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Lynne Pepall Dan Richards George Norman

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1 Lynne Pepall Dan Richards George Norman
Industrial Organization: contemporary theory and practice (3rd edition) Lynne Pepall Dan Richards George Norman Industrial Organization: Chapter 1

2 Industrial Organization: Chapter 1
Introduction How firms behave in markets Whole range of business issues price of flowers; payment to be official sponsor of major events which new products to introduce merger decisions methods for attacking or defending markets Strategic view of how firms interact Industrial Organization: Chapter 1

3 Industrial Organization: Chapter 1
How should a firm price its product given the existence of rivals? How does a firm decide which markets to enter? Incredible richness of examples: Microsoft/Netscape/Sun ADM (collusion) Toys R Us (exclusive dealing) American Airlines (predatory pricing) Merger wave At the heart of all of this is strategic interaction Industrial Organization: Chapter 1

4 Industrial Organization: Chapter 1
Rely on the tools of game theory focuses on strategy and interaction Construct models: abstractions well established tradition in all science physics engineering are SUVs safe? Do seat-belts/Volvos save lives? Industrial Organization: Chapter 1

5 The New Industrial Organization
The “New Industrial Organization” is something of a departure theory in advance of policy recognition of connection between market structure and firms’ behavior Contrast pricing behavior of: grain farmers at first point of sale gas stations: Texaco, Mobil, Exxon computer manufacturers pharmaceuticals (proprietary vs. generics) Industrial Organization: Chapter 1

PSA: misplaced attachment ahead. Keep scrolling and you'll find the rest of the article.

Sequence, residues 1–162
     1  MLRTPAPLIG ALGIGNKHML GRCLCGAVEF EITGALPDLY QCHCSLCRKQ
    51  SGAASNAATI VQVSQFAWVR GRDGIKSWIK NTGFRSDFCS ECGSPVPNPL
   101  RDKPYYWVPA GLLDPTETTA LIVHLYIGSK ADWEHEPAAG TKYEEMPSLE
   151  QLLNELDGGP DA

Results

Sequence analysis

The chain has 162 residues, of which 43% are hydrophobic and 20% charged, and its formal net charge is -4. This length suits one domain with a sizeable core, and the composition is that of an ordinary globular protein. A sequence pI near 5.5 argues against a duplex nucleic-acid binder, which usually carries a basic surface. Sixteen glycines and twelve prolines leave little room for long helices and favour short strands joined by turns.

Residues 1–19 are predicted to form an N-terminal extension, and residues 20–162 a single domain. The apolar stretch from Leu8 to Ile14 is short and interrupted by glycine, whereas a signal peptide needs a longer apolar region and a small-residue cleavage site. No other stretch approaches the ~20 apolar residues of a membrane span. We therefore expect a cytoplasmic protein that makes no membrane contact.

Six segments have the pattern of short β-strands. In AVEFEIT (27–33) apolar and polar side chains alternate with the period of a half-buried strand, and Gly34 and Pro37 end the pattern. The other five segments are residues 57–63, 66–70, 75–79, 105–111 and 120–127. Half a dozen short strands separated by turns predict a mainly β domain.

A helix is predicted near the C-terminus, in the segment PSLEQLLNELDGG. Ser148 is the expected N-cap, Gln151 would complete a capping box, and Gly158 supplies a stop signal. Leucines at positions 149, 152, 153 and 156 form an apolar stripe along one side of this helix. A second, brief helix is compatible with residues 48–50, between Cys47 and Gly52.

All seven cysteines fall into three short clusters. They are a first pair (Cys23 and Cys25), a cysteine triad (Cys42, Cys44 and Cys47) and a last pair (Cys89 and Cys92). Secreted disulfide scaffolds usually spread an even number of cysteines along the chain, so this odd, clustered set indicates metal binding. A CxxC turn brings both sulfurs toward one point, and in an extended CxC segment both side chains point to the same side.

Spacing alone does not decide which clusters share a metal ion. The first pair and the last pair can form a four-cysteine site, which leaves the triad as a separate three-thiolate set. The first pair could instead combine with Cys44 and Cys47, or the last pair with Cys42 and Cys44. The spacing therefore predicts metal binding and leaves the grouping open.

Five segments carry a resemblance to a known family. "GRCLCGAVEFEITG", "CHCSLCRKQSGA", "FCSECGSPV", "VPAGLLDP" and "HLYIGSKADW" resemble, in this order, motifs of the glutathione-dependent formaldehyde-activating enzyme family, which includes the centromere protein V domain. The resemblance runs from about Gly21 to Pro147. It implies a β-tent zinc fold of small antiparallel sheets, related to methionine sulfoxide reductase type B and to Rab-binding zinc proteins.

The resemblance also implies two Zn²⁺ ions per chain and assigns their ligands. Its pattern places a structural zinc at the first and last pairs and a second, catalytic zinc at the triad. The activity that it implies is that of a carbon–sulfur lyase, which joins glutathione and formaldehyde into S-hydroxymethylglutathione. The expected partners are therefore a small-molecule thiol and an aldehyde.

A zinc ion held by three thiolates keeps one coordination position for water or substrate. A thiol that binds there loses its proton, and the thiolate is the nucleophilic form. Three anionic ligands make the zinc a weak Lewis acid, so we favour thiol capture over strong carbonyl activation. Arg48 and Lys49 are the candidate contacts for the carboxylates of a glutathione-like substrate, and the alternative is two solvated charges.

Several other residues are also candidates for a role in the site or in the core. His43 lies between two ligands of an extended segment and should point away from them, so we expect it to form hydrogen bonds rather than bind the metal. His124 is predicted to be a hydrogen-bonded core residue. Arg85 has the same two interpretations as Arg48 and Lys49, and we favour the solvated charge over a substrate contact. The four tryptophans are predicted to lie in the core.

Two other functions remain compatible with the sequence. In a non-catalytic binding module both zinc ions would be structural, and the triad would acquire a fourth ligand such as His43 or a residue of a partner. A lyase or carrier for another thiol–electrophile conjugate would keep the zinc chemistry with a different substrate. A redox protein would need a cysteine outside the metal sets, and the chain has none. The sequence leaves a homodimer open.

6 Industrial Organization: Chapter 1
Do not say much about the internal organization of firms vertical organization is discussed internal contracts are not Industrial Organization: Chapter 1

7 Anti-trust Policy: an overview
Developments in modern IO are sensitive to the policy context Microsoft and ADM highlight aspects of developments in policy/law and economic theory Need for anti-trust policy recognized by Adam Smith (1776) “The monopolists, by keeping the market constantly understocked, by never fully supplying the effectual demand, sell their commodities much above the natural price.” Industrial Organization: Chapter 1

8 Industrial Organization: Chapter 1
“People of the same trade seldom meet together, even for merriment or diversion, but the conversation ends in a conspiracy against the public, or in some contrivance to raise prices.” Sherman Act 1890 Section 1: prohibits contracts, combinations and conspiracies “in restraint of trade” Section 2: makes illegal any attempt to monopolize a market contrast per se rule collusive agreements/price fixing rule of reason “unreasonable” conduct Industrial Organization: Chapter 1

9 Industrial Organization: Chapter 1
Clayton Act (1914) intended to prevent monopoly “in its incipiency” makes illegal practices that “may substantially lessen competition or tend to create a monopoly” Federal Trade Commission established in the same year However, application affected by rule of reason proof of intent “the law does not make mere size an offence or the existence of unexerted power an offence - it does not compel competition nor require all that is possible.” Industrial Organization: Chapter 1

10 Industrial Organization: Chapter 1
Robinson-Patman (1936) prohibits price discrimination that is intended to lessen competition intended to prevent aggressive price discounting The Alcoa case (1945) was also important 90% market share expanded capacity in advance of market expansion inferred anti-trust violation from structure and conduct without overt evidence More relaxed attitude in last two decades emergence of large firms: merger waves importance of global competition Industrial Organization: Chapter 1

11 The New Industrial Organization
Dissatisfaction with the structure-conduct-performance approach collect profit data on firms in an industry explain differences using information on size, organization, R&D, financial leverage etc. but what is the direction of causation? The “old” IO has limited treatment of product differentiation representative firm, little strategic interaction New IO: strategic decision-making (Hotelling) scheduling of “blockbuster” and Disney movies Industrial Organization: Chapter 1

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